Delta Air Lines enjoyed strong revenue growth during 2Q2012 as demand remained steady despite the negative macro economic headlines from Europe that continue to fuel global jitters. The carrier’s forward bookings for 3Q2012 indicate both corporate and leisure demand is holding steady despite underlying economic uncertainty. But as the carrier’s revenue performance continues to be strong, Delta is facing steady cost headwinds throughout the remainder of the year as a result of capacity cuts and product investments that the carrier assures will produce margin gains in the future.
Unfavourable settlements in its fuel hedging portfolio drove Delta to a 2Q2012 loss of USD168 million. Excluding special items that included the losses on fuel hedges and expenses associated with 2,000 employees opting to take early-out packages, Delta’s profit during the quarter was USD586 million, compared with a USD198 million profit in 2Q2011.
The carrier’s system passenger revenues increased 7% year-over-year during 2Q2012, while unit revenues grew a healthy 8.5%. Delta recorded revenue gains across all its network entities on a total system-wide capacity decrease of 1%.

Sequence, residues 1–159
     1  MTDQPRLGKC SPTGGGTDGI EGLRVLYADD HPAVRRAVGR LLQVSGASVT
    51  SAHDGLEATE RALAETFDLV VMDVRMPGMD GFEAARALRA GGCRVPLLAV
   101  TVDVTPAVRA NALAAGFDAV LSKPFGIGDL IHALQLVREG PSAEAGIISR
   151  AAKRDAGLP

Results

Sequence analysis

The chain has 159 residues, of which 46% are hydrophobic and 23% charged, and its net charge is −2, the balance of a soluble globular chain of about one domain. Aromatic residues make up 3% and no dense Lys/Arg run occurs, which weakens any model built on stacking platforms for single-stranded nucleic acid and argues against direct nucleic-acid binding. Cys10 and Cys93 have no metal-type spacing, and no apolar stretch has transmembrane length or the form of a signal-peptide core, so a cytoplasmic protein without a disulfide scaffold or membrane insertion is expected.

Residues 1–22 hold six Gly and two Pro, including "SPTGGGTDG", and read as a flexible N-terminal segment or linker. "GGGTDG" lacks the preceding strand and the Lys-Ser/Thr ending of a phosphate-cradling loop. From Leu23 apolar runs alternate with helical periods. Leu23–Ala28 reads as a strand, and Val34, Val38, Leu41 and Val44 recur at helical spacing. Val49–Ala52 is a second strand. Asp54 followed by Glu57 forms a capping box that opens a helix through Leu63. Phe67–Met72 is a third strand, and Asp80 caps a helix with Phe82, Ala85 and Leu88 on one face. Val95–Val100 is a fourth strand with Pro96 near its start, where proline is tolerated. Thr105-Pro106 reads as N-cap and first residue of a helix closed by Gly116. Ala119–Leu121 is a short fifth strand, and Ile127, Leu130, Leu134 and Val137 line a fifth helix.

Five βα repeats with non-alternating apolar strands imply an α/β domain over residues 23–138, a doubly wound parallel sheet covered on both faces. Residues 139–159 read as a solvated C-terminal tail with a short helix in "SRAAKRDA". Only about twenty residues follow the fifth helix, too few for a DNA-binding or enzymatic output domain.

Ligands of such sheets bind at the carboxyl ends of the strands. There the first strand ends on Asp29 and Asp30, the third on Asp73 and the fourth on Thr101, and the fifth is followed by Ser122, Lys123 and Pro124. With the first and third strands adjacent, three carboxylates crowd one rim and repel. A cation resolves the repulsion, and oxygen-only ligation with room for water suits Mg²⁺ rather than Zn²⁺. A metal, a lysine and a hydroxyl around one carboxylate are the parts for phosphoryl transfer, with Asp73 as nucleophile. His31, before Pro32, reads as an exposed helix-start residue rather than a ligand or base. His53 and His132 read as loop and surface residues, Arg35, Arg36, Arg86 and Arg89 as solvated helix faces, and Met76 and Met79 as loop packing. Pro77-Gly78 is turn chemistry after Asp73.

Trans-Atlantic capacity fell 7% year-over-year, but Delta’s unit revenues in those markets grew 9% year-over-year on 7% yield growth. Delta president Ed Bastian told investors that despite the weak economic conditions in Europe that point-of-sale in the region was steady during the quarter as European businesses and investors showed interest in the relatively stronger US market place. Delta recorded 8% unit revenue growth in its Latin American network on flat capacity growth as Mr Bastian concluded there was a bit of pressure from targeted sale fares, but overall the Latin American operation remained strong with Mexico showing a particularly strong performance with unit revenue growth of 25%.
Delta 2Q2012 unit revenue performance by region
Delta operating revenues: 2Q2012 vs 2Q2011 and 1H2012 vs 1H2011
Delta posted 14% growth in its corporate revenues and recorded a 1.5ppt improvement in its corporate share, said Mr Bastian. He cited favourable growth in the automotive, health care and the financial service industries.
Mr Bastian’s assessment of corporate demand contrasts somewhat with trends US Airways saw in its corporate business during 2Q2012. Carrier president Scott Kirby stated that starting towards the end of May-2012 there was some slowdown in business demand that coincided with worsening macroeconomic headlines. Mr Kirby explained that historically negative headlines can “translate into business demand to temporary pull-back a little bit until the fog of uncertainty begins to lift”. He remarked that leisure demand, which is less susceptible to to short term headline volatility, remained strong during the quarter.